String pulling and steering behaviours are a good combination for walking along a path.

Path Following

NPCs have two stages of work to get to a destination. First they need to perform pathfinding, this is where you use A* (or something similar) on a navmesh which will find a broad path to follow to get to the destination. Secondly, the NPC needs to follow the path.

I’ve talked about pathfinding before, as well as some of my work with the navmeshes which pathfinding works with. These past few weeks I have been working on path following, experimenting with different techniques to see what works best.

Isn’t Path Following Really Simple?

It seems like path following ought to be dead simple, you’ve done the hard bit with your A* search now you just need to walk along the lines connecting the navmesh regions! The problem with this is it can result in dreadful paths with most navmesh geometries. For example, here is a basic floor plan with 2 possible paths drawn onto it:

The red line is the kind of path a human would naturally take, it’s the most direct way to get from A to B because it cuts in close to the corners. This is the kind of behaviour we want from our NPCs.

The blue dots are the center points of each navmesh section and the pink line is what you get if you simply walk along those points - it looks dreadful!

So we need some kind of algorithm which will take in a series of navmesh faces and return a series of points which is the “human like” path to follow.

Steering Behaviours

Absolutely ages ago I forked SharpSteer2 to introduce a load of code quality improvements, use modern C# features, fix bugs and introduce new features. SharpSteer2 is a port of OpenSteer, a library which provides basic primitives that can be used to build complex steering behaviours.

My fork of SharpSteer2 is actively maintained and is available on Github and Nuget.

I experimented with passing the pink path into steering behaviours and then trying to predict ahead along the path to smooth out the rough edges. This is actually what Left4Dead Zombies do (see Slide 14). However I could not get this to work convincingly, smoothing can only look so far ahead and will always be defeated by really long sections. Additionally as the NPC walks along the path she wiggles around as she discovers new path features, this is probably acceptable for a great big mob of zombies charging at the player but it does not look like how humans walk - we take straight lines or big long curves - and would be very obvious in a slower paced stealth game.

Funnel Narrowing

The funnel narrowing algorithm is an algorithm to find a path formed from straight lines along a series of portals. The “portals” in this case are the edges of the navmesh faces along the path, they are perpendicular to the path and indicate gateways that must be passed through.

The algorithm is described in detail here and comes with code to implement it (not C#, but easy enough to transcribe). The essence of funnel narrowing is that we have a triangle (a “funnel”) from the point of the path we’re currently at to the two points on the next portal, this funnel can sometimes be narrows by moving one of the edges to connect to the next portal along. You simply keep narrowing the funnel until changing the edge would widen the funnel. Follow that link above if you’re interested in implementing it.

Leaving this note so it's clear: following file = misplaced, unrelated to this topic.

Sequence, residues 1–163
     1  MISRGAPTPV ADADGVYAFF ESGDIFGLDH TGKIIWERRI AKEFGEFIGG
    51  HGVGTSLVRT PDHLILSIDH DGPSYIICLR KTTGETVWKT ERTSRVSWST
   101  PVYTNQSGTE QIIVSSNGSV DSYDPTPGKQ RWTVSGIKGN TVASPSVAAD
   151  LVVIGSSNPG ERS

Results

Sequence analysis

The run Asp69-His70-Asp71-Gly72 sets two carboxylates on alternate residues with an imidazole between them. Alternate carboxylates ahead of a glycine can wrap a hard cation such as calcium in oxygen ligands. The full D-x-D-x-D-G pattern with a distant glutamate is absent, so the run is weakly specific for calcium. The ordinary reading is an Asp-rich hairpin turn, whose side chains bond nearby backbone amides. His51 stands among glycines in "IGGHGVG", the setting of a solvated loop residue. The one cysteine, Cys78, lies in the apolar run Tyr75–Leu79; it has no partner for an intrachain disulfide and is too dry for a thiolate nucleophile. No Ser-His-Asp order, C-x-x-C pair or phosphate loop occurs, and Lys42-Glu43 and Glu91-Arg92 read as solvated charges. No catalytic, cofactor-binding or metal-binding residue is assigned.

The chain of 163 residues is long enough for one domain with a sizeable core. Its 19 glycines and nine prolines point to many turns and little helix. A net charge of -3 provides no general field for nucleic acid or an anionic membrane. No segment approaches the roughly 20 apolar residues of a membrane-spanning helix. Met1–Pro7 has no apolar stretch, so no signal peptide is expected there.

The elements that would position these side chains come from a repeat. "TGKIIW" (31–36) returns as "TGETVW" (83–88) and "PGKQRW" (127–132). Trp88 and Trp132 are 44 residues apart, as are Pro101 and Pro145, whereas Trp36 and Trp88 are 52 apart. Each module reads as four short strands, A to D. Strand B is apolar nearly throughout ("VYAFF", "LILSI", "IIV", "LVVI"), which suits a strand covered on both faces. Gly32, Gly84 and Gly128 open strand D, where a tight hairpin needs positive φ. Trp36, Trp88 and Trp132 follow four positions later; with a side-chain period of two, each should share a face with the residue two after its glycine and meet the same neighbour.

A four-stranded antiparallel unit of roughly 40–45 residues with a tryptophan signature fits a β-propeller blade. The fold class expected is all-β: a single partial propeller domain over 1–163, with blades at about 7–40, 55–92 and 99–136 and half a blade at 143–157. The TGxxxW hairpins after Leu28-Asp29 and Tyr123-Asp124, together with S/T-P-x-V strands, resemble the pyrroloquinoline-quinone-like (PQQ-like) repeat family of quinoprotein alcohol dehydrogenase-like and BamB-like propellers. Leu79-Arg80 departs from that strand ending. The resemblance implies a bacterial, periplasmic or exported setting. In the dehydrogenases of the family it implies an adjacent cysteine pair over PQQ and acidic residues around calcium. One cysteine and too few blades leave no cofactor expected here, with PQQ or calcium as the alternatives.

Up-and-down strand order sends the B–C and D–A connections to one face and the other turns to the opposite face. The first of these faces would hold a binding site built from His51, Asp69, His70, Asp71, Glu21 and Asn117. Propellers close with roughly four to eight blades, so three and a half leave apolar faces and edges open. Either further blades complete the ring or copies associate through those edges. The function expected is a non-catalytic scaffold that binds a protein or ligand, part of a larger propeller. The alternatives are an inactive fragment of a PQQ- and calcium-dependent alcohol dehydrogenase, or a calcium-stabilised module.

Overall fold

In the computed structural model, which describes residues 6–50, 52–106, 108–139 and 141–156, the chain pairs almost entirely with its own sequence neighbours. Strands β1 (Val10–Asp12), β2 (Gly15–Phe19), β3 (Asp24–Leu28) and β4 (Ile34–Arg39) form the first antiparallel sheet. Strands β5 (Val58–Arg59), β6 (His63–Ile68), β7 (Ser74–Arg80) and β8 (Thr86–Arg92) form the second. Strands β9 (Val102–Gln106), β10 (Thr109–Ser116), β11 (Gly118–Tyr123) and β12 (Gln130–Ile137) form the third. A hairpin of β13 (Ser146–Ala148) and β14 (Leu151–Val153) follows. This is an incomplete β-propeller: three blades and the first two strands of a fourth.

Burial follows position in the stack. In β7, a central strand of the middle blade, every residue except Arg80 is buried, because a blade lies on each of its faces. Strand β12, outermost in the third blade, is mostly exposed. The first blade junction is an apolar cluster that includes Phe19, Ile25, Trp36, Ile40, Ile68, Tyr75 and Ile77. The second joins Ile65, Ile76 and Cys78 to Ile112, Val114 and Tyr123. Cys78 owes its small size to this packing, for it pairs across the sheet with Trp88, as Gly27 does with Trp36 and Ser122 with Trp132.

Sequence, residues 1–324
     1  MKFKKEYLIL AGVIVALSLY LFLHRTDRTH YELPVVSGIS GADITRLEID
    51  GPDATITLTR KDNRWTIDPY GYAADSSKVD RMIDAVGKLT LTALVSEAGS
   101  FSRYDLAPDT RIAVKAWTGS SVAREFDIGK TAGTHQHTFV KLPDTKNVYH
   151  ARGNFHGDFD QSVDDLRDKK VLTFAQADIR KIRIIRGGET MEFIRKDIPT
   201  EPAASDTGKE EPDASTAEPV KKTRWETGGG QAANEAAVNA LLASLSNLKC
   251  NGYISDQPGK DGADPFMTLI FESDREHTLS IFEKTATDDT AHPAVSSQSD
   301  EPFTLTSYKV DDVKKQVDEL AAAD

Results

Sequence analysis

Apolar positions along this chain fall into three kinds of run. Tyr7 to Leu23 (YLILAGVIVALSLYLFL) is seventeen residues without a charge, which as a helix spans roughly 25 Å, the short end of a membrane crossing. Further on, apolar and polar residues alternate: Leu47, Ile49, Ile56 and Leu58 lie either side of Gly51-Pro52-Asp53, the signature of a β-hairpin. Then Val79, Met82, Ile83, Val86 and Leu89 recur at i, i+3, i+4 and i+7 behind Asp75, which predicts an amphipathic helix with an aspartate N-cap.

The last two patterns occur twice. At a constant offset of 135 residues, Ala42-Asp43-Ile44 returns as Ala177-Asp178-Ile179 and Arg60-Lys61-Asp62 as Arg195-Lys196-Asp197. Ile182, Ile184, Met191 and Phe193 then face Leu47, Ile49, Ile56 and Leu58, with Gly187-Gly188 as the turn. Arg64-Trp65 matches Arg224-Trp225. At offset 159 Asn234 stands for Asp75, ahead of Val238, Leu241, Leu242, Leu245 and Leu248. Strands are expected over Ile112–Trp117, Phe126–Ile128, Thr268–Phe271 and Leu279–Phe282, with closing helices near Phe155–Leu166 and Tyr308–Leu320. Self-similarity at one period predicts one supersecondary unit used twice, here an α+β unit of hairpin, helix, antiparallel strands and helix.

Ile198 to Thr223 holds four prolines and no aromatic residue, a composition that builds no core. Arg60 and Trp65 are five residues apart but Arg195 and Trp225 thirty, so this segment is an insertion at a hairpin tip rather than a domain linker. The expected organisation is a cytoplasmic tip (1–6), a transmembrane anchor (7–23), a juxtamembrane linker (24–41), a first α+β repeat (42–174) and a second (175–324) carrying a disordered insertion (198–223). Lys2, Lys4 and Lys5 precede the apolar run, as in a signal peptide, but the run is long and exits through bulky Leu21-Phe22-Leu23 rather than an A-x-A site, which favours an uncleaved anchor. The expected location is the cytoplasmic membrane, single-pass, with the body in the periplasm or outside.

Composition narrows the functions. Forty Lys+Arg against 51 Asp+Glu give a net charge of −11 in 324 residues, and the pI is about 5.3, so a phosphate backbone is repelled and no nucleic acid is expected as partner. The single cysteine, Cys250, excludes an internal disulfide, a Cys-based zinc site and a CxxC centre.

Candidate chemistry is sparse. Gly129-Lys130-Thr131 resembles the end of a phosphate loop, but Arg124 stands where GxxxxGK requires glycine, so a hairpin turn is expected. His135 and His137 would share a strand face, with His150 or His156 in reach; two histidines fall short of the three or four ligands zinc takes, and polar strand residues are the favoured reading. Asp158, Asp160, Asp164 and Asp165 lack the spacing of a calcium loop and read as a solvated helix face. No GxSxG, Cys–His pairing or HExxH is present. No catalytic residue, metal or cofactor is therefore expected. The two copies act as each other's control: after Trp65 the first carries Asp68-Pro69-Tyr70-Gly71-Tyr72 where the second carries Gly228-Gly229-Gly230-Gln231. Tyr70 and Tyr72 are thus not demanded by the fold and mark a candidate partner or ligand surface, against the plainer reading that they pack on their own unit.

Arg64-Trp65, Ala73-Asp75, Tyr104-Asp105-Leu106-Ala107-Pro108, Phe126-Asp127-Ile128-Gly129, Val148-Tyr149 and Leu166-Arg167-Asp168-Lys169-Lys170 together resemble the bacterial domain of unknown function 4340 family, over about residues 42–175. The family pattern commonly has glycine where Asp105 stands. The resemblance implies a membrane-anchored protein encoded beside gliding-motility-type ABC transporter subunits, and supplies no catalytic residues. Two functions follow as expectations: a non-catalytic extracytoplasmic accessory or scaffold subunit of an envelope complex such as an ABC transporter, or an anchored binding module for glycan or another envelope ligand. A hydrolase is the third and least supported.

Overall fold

The funnel narrowing algorithm provides a line something like the red line in the image above which is what we wanted all along… but now what do we do with it?

Steering Behaviours, Part 2

Steering behaviours weren’t any good at solving the problem of finding a good humanlike path through the navmesh but they’re perfectly suited to following the output of the funnel narrowing algorithm. The whole point of steering behaviours is that they can be combined, so we can combine a path following steer with obstacle avoidance (e.g. avoid other people in hallways) to get nice natural path following.

This is dead simple to implement:

//Avoid other NPCs
var steer = SteerToAvoidCloseNeighbors(otherNpcs);

//If we're not avoiding anything, then follow the path
if (steer == Vector3.Zero)
    steer = SteerToFollowPath(path);

//Apply whatever steering force we calculated above

So, Are We Done?

That’s it! We can walk along a path, awesome. But what if:

  • The NPC leaves the path
  • The target position moves
  • Something more important than walking along this path happens

The NPC Leaves The Path

There are events in the game which could knock the NPC far off the path, for example say an explosion blasts the NPC away from the path. This is quite simple to handle; we simply check if the NPC is contained within one of the navmesh faces along the route. If the NPC leaves the navmesh path then we just recalculate the entire path from where they are currently standing.

The Target Position Moves

The target could be moving object, for example the NPC could be pursuing the player. Same as before we simply check if the player is within the navmesh path and if they are not recalculate a new path.

Something More Important Happens

There is more to life than walking along paths. Everything I have described here is just a simple behaviour to get to places; how we make actual decisions is a different topic which I shall cover soon.

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